11. The Challenge • Exclusion and punishment are the most common responses to conduct disorders in schools. • Chandler & Dahlquist (2006); Martella, Nelson, & Marchand-Martella (2003); Skiba & Peterson (2000); Sprick, Borgmeier, & Nolet (2002) • Exclusion and punishment are ineffective at producing long-term reduction in problem behavior • Chandler & Dahlquist (2006); Martella, Nelson, & Marchand-Martella (2003) Adapted from OSEP Center on PBIS

    12. The Challenge • Exposure to exclusionary discipline has been shown, not to improve school outcomes, but in fact to be associated with higher rates of school dropout. • Ekstrom, Goertz, Pollack, & Rock (1986); Skiba, Peterson, & Williams (1997); Sprick, Borgmeier, & Nolet (2002); Wehlage & Rutter (1986)

    13. The Challenge • Punishing problem behaviors (without a proactive support system) is associated with increases in (a) aggression, (b) vandalism, (c) truancy, and/or (d) dropping out. • Chandler & Dahlquist (2006); Kerr & Nelson (2006); Mayer (1995); Mayer & Sulzar-Azaroff (1991); Martella, Nelson, & Marchand-Martella (2003); Skiba & Peterson (1999) Adapted from OSEP Center on PBIS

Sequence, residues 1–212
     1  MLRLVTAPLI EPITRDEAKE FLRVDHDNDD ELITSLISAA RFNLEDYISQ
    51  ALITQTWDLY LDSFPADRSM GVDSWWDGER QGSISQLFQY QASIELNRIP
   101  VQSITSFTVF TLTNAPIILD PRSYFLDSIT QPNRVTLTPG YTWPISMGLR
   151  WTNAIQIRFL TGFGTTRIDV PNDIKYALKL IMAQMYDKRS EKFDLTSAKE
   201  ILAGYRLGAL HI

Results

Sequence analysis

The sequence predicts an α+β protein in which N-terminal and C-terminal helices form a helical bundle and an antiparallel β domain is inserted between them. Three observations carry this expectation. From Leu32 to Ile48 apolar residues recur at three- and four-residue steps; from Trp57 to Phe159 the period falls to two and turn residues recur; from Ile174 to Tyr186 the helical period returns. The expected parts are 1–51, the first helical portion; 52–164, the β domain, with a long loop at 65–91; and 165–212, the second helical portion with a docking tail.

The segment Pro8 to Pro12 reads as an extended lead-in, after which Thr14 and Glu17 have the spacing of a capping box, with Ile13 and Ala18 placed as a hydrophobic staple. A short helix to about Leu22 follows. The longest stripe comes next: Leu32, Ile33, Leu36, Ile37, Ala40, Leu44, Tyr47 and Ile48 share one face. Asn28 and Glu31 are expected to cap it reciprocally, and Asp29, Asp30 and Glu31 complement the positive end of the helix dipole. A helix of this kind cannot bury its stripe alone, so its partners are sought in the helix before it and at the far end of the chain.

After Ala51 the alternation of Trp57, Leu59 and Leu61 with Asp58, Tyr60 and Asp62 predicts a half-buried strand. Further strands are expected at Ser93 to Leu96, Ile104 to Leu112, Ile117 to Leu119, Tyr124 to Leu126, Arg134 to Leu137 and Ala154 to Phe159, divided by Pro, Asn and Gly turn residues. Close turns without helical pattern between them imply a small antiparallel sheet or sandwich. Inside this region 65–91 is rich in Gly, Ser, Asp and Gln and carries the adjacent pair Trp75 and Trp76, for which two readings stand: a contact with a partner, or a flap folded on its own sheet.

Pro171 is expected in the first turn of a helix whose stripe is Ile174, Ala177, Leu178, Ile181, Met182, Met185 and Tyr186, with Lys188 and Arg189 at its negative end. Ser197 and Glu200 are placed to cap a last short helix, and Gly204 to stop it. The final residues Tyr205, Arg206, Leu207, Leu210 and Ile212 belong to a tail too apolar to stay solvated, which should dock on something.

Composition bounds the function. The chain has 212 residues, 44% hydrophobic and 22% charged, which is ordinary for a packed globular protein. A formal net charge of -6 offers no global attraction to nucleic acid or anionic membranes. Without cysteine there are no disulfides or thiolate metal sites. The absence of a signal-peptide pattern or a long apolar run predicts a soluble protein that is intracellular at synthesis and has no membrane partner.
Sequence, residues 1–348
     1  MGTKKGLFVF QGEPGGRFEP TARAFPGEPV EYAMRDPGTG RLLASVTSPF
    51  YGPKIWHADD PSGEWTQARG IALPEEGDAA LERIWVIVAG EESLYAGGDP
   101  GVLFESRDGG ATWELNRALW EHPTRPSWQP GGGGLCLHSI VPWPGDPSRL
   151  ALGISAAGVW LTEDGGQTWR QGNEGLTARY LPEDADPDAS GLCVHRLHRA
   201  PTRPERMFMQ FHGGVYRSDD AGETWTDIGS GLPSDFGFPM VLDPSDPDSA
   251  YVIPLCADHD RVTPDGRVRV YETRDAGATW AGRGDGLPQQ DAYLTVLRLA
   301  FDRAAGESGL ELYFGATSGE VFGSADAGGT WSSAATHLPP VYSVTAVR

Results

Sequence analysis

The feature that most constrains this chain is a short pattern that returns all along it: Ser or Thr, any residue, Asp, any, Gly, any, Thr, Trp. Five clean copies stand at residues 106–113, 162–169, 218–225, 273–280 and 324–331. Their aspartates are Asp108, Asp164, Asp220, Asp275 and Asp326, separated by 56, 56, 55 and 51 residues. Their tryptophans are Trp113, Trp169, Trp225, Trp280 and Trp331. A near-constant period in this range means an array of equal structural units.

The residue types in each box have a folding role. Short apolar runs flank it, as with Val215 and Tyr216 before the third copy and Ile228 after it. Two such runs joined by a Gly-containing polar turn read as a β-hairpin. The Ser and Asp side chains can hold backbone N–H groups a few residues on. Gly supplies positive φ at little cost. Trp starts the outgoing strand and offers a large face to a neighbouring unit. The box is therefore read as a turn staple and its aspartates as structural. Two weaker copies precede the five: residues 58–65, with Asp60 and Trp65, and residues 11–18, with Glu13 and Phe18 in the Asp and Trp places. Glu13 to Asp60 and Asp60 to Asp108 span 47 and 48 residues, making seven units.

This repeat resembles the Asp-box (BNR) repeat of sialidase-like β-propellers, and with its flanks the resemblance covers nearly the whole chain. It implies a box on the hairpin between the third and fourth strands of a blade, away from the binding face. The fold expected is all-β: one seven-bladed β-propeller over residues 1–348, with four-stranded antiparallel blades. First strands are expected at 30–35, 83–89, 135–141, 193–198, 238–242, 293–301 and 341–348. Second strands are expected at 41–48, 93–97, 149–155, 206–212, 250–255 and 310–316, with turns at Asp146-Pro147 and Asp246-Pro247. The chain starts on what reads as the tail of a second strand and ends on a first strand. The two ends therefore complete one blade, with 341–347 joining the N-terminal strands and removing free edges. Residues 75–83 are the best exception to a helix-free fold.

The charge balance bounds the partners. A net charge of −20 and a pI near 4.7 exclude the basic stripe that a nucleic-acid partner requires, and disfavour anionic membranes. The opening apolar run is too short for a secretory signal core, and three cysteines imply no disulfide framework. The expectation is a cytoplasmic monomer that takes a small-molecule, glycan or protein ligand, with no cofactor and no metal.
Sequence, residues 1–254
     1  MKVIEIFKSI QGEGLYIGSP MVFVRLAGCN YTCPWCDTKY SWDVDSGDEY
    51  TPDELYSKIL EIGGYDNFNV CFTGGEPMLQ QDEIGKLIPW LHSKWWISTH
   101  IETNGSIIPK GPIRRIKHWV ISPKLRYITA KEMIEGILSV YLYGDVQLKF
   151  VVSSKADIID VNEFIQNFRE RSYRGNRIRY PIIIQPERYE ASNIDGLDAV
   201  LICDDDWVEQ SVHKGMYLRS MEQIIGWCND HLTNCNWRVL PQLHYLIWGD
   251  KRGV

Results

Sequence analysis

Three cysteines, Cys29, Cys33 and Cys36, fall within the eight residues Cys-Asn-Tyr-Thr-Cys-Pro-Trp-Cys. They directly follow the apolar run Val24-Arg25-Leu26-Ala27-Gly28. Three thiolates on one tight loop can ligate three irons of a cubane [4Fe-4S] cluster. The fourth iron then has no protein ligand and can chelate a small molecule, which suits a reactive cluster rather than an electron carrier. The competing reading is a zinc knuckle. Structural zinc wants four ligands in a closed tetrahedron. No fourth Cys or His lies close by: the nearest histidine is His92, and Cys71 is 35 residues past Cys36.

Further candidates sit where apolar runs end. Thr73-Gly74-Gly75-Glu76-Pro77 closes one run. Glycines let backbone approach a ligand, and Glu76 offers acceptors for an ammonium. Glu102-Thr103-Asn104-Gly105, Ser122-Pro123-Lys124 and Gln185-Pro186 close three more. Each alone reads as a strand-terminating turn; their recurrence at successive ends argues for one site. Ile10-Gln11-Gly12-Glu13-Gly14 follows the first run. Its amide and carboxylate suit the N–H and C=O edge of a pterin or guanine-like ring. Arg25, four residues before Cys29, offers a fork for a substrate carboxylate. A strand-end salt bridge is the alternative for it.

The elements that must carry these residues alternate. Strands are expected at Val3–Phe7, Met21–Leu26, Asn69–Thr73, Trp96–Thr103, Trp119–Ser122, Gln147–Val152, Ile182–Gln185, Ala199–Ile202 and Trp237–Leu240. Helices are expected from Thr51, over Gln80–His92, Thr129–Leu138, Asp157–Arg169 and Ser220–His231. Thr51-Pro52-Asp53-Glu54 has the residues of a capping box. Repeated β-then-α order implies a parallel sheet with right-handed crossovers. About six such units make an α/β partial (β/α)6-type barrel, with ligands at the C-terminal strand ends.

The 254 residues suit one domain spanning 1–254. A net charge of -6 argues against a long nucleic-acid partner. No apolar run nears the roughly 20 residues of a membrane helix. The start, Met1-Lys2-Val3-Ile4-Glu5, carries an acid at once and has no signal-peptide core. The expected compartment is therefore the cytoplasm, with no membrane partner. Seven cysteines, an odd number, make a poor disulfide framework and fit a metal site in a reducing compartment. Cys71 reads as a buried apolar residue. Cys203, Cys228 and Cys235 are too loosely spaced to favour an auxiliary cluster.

14. The Challenge • “We have the knowledge and the skill to make our schools effective instructional environments with a minimal use of suspension and expulsion.” • “We have no evidence that suspension and expulsion make a positive contribution to school safety or improved student behavior; they may in fact have significant unintended negative consequences for students and school climate.” • Russ Skiba, Testimony before U.S. House of Representatives, May, 2002